Film + Flash

Sunday, June 13th, 2010 - Nicholas Calcott

Image courtesy of Mus-Mus

I received a new call for submissions from mus-mus, which I’m happy to pass on:

Team mus-mus is looking for your help with an archive that will let us all see film and flash products that we’re bidding au revoir, leaving behind, or perhaps still clinging desperately to. Since George Eastman first invented an emulsion coating machine to mass-produce photographic dry plates in 1879, commercially available photography technology has been a sustaining feature of the photographer’s practice. As old technologies are increasingly falling away and sometimes re-emerging in new ‘skins’, it will be interesting to take a collective worldwide snapshot of what’s on hand in studios (and maybe flea markets) now that are gone from stores or will be tomorrow.

See details and submit here.  I have too many things to submit…


Friday, November 13th, 2009 - Nicholas Calcott

from The Past Tense of Pictures
Two memento mori from The Past Tense of Pictures

So, clearly I’ve been busy or otherwise I’d have been on here writing more. More soon, but to hold your attention a brief post pointing you towards The Past Tense of Pictures, a site by Jack and Beverly Wilgus (maybe the most adorable photo couple I’ve come across) that somehow found it’s way to my folder of links long enough ago that I forgot where I first saw it. It appears to be a private collection of daguerreotypes and other old photographs that functions as a low-tech stock photo site, and there are some real gems in there. Also, I really love the weird site design and unattractive brown borders – it seems to oddly fit the subject matter…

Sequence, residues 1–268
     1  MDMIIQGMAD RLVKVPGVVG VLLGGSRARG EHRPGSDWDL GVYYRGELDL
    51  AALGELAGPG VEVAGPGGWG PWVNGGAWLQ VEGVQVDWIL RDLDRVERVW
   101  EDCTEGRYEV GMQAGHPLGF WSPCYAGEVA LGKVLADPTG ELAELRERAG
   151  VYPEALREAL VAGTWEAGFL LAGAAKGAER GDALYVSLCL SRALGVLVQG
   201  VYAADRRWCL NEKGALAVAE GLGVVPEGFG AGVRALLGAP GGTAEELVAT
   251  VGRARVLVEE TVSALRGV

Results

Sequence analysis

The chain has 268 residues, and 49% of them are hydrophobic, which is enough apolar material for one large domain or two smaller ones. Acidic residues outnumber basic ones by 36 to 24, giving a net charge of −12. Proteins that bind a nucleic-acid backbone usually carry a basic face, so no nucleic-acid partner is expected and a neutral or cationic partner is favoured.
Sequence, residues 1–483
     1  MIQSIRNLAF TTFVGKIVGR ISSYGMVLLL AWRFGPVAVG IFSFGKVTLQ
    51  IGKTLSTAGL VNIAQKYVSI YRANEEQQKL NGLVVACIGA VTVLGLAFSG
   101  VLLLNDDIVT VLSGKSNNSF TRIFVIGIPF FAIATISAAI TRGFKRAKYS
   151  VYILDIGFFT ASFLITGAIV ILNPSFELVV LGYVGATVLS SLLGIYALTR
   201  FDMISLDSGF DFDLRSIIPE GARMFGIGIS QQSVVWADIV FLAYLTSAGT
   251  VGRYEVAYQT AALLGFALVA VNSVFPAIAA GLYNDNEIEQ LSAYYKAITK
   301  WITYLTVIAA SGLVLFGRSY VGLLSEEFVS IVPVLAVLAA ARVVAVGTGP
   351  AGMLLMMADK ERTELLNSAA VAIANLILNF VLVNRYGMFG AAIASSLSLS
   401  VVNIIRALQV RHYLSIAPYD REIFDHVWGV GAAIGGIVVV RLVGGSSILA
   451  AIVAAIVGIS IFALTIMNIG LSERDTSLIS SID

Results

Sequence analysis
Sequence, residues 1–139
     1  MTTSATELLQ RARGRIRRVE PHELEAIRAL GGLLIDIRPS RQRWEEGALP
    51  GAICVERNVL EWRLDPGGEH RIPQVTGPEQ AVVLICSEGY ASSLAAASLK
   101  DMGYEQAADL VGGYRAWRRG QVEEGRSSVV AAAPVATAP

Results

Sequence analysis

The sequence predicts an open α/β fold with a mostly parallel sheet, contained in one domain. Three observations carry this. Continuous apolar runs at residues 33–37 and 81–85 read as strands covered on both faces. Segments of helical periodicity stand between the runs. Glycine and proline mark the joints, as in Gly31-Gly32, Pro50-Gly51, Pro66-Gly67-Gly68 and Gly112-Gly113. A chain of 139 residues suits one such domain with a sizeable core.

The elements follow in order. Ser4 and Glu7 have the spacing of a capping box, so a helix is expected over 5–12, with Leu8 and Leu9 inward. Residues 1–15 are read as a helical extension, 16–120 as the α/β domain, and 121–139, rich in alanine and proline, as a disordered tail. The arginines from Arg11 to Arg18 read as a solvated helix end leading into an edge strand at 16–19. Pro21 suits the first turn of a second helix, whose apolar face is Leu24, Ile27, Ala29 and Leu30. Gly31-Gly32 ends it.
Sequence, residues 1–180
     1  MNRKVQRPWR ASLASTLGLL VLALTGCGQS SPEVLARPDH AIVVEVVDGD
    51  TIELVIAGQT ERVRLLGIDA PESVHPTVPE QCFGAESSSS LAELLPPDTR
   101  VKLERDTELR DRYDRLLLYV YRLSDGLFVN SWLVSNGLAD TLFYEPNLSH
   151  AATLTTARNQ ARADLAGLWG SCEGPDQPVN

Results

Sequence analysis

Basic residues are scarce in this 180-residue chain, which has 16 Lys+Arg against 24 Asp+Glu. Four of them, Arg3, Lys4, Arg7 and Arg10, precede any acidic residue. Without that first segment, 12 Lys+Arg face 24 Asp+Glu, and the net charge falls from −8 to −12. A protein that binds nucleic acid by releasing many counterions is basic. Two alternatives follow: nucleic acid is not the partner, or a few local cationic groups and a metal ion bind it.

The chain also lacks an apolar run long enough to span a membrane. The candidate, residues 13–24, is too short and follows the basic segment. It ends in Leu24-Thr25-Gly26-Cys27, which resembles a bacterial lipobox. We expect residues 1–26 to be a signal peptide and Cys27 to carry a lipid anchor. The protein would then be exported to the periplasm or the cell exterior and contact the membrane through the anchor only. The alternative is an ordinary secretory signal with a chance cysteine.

Check out also Bright Bytes, the mother site of past tense of pictures, that also has links to other strange photo related sites, like Not to Scale and A Collection of Collections.


Wednesday, September 23rd, 2009 - Nicholas Calcott

Still from VideoMate montage

Sorry – Another throwaway post before a longer one on Friday…

Anyways, AFC had a link, recently, to Ethereal Others, a web art project that I absolutely absolutely love, by Harm van den Dorpel.  Ethereal Others is the counterpart to Ethereal Self, a site that inputs an image from your webcam and outputs it as a weird, faceted kaleidoscope.  Little do the users know, but the webcam also captures an image which is then sent on to Ethereal Others and archived there.  The result is a huge survey of portraits.  More than all that, though, Ethereal Others is the internet version of people-watching – you can scroll while comparing faces, backgrounds, etc., checking out cute girls/boys, trying to figure out what this is an accurate sampling of: Internet users, art school students, AFC readers, those interested in net art?

The second link I’d like to direct you to is a phenomenal video on Ian Alexander Adam’s blog.  I won’t spoil it by describing it to you, but please go watch it.

Both Ethereal Others and the sources from which the video is taken are interesting takes on portraiture – One assumes that you can relate something essential about oneself through a screen and the other seems to assume that all that is relatable is one’s appearance, or, at most, socio-economic info gleaned from one’s clothes and background…